(I was asked to bear my testimony at a recent Stake Council. My stake is preparing to have a fireside to raise awareness of and bring support to its LGBTQ members. Here is what I shared.)
I’m here tonight to bear my testimony to you all. I love my Father in Heaven and my savior, Jesus Christ. I believe in the power of the atonement and in the plan of salvation. I believe that we are here on earth to become more like Christ. I pray daily to hear Him and follow His will for me.
A few years ago, I would have borne a very similar testimony, but it would have come from a very different place. For most of my life, I was anxious, impatient, and angry. I had little trust in myself, my decisions, or my abilities. My relationship with the Church was one of fear, duty, conformity, and a need for validation. My life choices were based almost solely on what others said I should do. I had a vague idea that God loves us as a whole human race, but I had very little personal familiarity with Him or His love. I hated myself, resented everyone around me, and felt like I was broken. Despite all my efforts to choose the right, I despaired that I would ever feel the true happiness that was promised the obedient.
So what has changed since then? I finally came out to myself and the world as gay. I stopped trying to force myself to be someone I was not, and instead, chose to live with integrity to who my Heavenly Father created me to be.
There was a problem though. I had only seen two choices modeled for me on how to be a gay LDS person: I could continue to hide, denying my orientation and struggling fruitlessly in a marriage that was anything but Celestial, or I could leave the church. Neither of those options felt right for me.
So I agonized in personal prayer during one sacrament meeting. I begged Heavenly Father for direction. I thoroughly expected Him to urge me to keep my marriage together, command me to forsake my “temptation,” and reprimand me for being so self-absorbed. Instead, in response to my prayer, I felt the most intense love I have ever experienced wash over me. It was like I was sitting in the brightest sunshine, whereas moments before I had been in darkness. I heard in God’s voice the phrase, “Angela…I made you, and I love you.” It was exactly what I needed.
In that moment, I felt whole for the first time in my entire life. I realized that I was not broken. I was not a mistake. And I realized that my life was truly my own. God trusted me with agency and wanted me to use it. He didn’t want me to feel compelled to choose right out of fear. I got to choose what to make of my life. It was an amazing feeling!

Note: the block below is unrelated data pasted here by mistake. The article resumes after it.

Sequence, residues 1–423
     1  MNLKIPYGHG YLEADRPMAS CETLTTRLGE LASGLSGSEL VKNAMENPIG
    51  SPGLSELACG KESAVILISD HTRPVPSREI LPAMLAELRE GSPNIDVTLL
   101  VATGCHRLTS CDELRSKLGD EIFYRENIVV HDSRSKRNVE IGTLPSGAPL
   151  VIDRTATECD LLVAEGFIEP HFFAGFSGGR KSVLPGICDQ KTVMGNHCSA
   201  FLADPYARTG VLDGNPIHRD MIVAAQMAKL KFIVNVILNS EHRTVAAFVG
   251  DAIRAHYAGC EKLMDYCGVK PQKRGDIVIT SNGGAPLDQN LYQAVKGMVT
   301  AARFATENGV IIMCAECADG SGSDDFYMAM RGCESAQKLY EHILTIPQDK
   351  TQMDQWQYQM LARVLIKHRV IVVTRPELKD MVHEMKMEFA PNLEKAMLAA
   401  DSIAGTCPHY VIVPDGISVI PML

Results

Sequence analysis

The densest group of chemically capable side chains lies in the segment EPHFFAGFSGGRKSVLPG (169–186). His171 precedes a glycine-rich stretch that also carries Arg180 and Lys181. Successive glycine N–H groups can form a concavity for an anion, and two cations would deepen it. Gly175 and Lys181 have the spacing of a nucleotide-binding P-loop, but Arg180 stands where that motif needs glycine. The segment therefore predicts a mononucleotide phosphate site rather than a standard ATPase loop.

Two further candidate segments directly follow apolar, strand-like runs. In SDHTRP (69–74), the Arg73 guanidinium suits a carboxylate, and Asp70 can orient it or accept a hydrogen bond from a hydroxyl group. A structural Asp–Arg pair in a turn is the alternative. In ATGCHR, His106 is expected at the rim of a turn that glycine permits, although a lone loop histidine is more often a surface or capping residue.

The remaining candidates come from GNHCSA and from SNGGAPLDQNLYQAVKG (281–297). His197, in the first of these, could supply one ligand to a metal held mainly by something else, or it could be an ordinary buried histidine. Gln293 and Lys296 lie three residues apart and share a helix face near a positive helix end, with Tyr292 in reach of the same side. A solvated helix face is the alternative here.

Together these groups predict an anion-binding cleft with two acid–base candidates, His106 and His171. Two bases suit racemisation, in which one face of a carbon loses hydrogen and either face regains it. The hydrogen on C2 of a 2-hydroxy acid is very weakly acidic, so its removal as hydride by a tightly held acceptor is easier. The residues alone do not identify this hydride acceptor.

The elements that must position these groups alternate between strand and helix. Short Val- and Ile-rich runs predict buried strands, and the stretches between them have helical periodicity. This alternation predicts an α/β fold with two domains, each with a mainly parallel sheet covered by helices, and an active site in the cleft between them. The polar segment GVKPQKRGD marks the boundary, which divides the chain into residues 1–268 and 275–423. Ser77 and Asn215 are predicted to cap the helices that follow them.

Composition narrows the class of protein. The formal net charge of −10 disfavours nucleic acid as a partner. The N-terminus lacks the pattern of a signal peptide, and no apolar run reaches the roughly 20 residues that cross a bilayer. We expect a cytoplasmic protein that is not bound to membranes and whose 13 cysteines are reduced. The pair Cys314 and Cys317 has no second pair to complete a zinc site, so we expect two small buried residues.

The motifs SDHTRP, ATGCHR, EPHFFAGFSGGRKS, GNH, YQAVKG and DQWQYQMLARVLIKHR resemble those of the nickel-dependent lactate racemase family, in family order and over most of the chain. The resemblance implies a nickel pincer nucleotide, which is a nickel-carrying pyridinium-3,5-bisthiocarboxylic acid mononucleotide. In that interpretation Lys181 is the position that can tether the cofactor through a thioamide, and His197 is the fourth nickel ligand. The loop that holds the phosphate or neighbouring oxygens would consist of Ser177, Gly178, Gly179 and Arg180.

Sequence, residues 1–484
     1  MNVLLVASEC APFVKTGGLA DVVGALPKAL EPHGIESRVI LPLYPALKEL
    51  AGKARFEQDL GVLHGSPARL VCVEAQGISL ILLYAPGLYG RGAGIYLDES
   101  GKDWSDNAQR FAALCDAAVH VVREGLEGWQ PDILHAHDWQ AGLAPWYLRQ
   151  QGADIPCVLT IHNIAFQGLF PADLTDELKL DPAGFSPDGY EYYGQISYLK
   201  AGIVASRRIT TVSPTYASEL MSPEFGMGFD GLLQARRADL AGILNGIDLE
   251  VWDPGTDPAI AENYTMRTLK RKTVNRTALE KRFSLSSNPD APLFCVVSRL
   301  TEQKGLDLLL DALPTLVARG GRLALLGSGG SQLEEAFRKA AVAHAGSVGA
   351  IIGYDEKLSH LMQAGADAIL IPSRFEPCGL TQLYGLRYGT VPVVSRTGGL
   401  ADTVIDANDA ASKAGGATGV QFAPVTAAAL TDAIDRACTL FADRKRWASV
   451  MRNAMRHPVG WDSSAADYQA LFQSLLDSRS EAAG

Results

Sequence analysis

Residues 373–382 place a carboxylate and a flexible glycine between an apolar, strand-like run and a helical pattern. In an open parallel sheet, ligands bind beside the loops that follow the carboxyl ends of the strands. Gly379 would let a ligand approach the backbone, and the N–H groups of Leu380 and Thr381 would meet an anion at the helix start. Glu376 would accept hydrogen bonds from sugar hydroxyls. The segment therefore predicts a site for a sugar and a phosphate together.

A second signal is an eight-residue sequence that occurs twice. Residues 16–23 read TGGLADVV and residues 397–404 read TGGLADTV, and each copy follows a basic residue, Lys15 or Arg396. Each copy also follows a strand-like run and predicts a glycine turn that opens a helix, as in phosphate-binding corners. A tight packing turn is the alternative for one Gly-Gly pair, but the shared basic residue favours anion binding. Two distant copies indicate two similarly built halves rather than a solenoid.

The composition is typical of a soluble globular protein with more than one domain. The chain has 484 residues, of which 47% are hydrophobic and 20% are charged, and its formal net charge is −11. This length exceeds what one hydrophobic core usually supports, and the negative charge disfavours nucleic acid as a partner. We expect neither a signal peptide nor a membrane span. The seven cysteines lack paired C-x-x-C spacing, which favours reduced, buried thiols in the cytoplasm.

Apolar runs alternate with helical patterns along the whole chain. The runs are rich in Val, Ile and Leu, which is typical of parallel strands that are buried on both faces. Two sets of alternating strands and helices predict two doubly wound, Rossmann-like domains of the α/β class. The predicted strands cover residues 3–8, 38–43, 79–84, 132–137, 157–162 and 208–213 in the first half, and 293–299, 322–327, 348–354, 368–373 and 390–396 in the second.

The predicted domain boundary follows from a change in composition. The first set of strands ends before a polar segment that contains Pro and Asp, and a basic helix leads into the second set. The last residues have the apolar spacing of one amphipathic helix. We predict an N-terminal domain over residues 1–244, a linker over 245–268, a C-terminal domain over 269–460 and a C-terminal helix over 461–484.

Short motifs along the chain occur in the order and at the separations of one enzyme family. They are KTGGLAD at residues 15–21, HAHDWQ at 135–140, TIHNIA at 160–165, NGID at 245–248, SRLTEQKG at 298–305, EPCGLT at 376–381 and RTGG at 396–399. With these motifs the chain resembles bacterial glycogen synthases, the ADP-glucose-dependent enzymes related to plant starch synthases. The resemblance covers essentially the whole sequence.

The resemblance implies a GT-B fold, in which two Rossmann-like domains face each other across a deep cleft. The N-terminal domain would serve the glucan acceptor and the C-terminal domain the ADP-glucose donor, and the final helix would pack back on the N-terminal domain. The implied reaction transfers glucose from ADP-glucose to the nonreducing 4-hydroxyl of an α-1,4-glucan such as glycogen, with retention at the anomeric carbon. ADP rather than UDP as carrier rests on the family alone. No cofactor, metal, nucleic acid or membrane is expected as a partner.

I took time to ponder what I truly wanted. And what I quickly realized was that I still wanted to be an active member of the Church. However, I wanted to attend as myself. I wanted there to be a place for ME, the true me, at church, and if there wasn’t one currently, I would stubbornly stay until there could be.
I’m not a person who seeks conflict and confrontation - in fact, if you know me at all, you know that I avoid it whenever I can. I feel it very strongly when I am being disapproved of. But, I had had confirmation that Heavenly Father intentionally created me the way I am. I am not a mistake and He is not ashamed of me. So, if I act ashamed of who I am and quietly fall away from church, I would be confirming to everyone that who I am, is shameful.
So, I have stayed, but it’s not always easy to feel like you constantly have to defend your right to exist in a space that isn’t designed for you. After I came out and got divorced, well-meaning Church members who had known me for decades were suddenly awkward around me. I was afraid to talk about anything in church that wasn’t “safe” and superficial. I have been worried that my presence would offend members and leadership. I was terrified that I would be denied belonging in a place that professes to welcome all, for reasons that I cannot change.
As an LGBTQ person in the church, I can say that many of us feel we are living on borrowed time. Our future with the church lies in the hands of local leaders and varies wildly depending on who our “bishop roulette” lands on. The acceptance of our ward families is often balanced on the backs of a few hardworking allies. Many members remain silent, waiting to be told who is “safe” to love. Every Sunday, we don’t know if a talk over the pulpit will lift us up or tear us down.
I know many good, faithful LGBTQ people who are living lives away from a church that rejected them. They want to worship the Savior with their ward families, but it’s sometimes just too painful to keep trying to belong to a family that doesn’t have a place for them. The pain is palpable at the intersection of LGBTQ and LDS. I won’t get into specifics, but the overall policies, practices, and attitudes of the church, while perhaps better than they were in the past, don’t really allow for LGBTQ members who choose to live their lives in the way the plan of salvation intends.
I know that my Father in Heaven created me intentionally, although I don’t always know what His purposes for me are. I know He loves me just as I am and that He wants me to live my own life to the fullest measure of His creation. I want to stay at Church as long as I am allowed and as long as I am capable, because I do feel His love here. I hope to be able to show Church members, LGBTQ and otherwise, that God’s love encompasses all of His children. But how much more wonderful would it be if we could feel His love amplified through the loving acceptance and understanding of His people as well?